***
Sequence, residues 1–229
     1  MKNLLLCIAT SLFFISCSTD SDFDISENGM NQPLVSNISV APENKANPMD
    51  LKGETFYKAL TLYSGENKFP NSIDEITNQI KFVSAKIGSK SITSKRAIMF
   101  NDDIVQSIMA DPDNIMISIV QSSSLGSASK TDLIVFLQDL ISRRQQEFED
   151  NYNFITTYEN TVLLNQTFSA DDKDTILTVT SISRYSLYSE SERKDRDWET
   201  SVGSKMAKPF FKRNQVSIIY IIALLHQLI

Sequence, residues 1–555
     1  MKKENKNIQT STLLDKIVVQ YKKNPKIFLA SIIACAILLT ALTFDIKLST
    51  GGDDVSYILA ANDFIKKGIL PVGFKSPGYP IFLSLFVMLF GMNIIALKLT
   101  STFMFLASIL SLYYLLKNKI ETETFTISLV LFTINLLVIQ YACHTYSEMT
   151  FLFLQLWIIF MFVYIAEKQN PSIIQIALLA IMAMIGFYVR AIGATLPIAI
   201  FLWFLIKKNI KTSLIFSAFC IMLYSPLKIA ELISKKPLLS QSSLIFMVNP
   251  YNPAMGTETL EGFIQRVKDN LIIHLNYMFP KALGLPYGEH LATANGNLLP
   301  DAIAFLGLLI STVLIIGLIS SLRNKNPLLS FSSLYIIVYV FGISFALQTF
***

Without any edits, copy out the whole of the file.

Sequence, residues 1–229
     1  MKNLLLCIAT SLFFISCSTD SDFDISENGM NQPLVSNISV APENKANPMD
    51  LKGETFYKAL TLYSGENKFP NSIDEITNQI KFVSAKIGSK SITSKRAIMF
   101  NDDIVQSIMA DPDNIMISIV QSSSLGSASK TDLIVFLQDL ISRRQQEFED
   151  NYNFITTYEN TVLLNQTFSA DDKDTILTVT SISRYSLYSE SERKDRDWET
   201  SVGSKMAKPF FKRNQVSIIY IIALLHQLI

Sequence, residues 1–555
     1  MKKENKNIQT STLLDKIVVQ YKKNPKIFLA SIIACAILLT ALTFDIKLST
    51  GGDDVSYILA ANDFIKKGIL PVGFKSPGYP IFLSLFVMLF GMNIIALKLT
   101  STFMFLASIL SLYYLLKNKI ETETFTISLV LFTINLLVIQ YACHTYSEMT
   151  FLFLQLWIIF MFVYIAEKQN PSIIQIALLA IMAMIGFYVR AIGATLPIAI
   201  FLWFLIKKNI KTSLIFSAFC IMLYSPLKIA ELISKKPLLS QSSLIFMVNP
   251  YNPAMGTETL EGFIQRVKDN LIIHLNYMFP KALGLPYGEH LATANGNLLP
   301  DAIAFLGLLI STVLIIGLIS SLRNKNPLLS FSSLYIIVYV FGISFALQTF